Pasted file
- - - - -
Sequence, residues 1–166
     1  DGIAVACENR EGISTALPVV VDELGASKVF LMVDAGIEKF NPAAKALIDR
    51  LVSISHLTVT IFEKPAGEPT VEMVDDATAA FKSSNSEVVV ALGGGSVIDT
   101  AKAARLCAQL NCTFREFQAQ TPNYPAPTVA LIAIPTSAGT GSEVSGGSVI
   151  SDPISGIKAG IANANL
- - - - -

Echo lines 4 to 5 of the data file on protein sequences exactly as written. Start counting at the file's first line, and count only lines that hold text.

   101  AKAARLCAQL NCTFREFQAQ TPNYPAPTVA LIAIPTSAGT GSEVSGGSVI
   151  SDPISGIKAG IANANL